Third-party statism

Why did we think otherwise? That gets back to the fundamental disconnect between America’s national mythology and who Americans are as a people, or at least as a voting majority, in the 21st century. To reprise the Frenchman I quoted in this space a while back, “Americans love Big Government as much as Europeans. The only difference is that Americans refuse to admit it.” And, because they refuse to admit it, they’ve wound up with a uniquely disastrous form of statism — a kind of statism on the sly, in which the zombie husks of private industry are conscripted as the front men for de facto nationalization. As part of the sky-is-falling rhetoric over the soi-disant shutdown, the media warned that, with federal employees furloughed, many American homebuyers would be delayed in moving into their new homes.

Tragic. But how did it come about that government bureaucrats are mixed up in your home closing? It’s bad enough that the feds have a piece of so many mortgages, but it’s far worse that, even if you walk into the realtor’s office and plunk down a certified check for the entire cost of the house, you’re still obligated to comply with all the federal HUD paperwork. In many key areas of life — your home, your health, your bank — Americans now enjoy considerably less freedom of maneuver than Europeans. They don’t think of it like that because it’s statism at one remove. But third-party statism is inevitably more cumbersome, bureaucratic, and expensive — summed up in those commercials for “Medicare supplement plans,” patiently explaining why an already hideously unaffordable taxpayer-funded entitlement nevertheless apparently requires huge additional private expenditures in order to function.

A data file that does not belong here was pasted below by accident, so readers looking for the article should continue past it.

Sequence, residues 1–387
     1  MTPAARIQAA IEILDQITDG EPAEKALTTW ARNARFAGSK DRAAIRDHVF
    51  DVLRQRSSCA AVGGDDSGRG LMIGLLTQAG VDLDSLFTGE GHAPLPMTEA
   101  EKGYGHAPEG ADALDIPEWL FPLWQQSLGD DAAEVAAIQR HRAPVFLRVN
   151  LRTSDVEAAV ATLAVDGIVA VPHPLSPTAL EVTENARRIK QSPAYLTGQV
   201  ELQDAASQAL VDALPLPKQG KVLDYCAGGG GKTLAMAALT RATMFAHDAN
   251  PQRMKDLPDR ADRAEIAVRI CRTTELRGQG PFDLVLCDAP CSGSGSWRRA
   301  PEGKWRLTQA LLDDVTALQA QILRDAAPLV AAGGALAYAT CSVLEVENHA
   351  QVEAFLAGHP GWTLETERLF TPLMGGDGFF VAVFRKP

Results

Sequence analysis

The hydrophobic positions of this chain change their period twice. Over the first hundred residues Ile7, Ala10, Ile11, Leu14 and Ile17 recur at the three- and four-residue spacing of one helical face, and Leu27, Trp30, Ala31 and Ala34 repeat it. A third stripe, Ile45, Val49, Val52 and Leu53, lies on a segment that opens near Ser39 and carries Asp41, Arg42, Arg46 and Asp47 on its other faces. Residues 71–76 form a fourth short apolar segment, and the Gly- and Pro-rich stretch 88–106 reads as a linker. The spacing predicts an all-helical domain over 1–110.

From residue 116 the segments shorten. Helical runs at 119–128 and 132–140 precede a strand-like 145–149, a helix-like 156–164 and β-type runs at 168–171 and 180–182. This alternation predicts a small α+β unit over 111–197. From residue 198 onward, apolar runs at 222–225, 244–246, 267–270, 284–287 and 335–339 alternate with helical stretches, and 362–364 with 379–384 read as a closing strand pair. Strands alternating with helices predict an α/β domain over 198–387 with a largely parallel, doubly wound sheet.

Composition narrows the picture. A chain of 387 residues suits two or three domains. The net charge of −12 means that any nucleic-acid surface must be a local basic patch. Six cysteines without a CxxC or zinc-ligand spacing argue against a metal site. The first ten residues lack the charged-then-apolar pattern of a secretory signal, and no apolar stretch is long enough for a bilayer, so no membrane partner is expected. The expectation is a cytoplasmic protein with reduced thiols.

If you blur the lines between public and private as artfully as American statism does, eventually everything becomes the government, and your private sphere is no more genuinely private than those private museums, boat launches, restaurants, and campgrounds ordered closed at no notice by the shock troops of the National Park Service. In South Dakota, the NPS attempted to shut down an unmanned, open-air parking area on the shoulder of the highway to prevent Americans from looking at Mount Rushmore. Apparently, the view belongs to the government and you can enjoy it only with their approval. In the days of absolute monarchy, a medieval proverb nevertheless assured us that a cat may look at a king. But in South Dakota freeborn Americans may not gaze upon their presidents without the permission of the bureaucracy.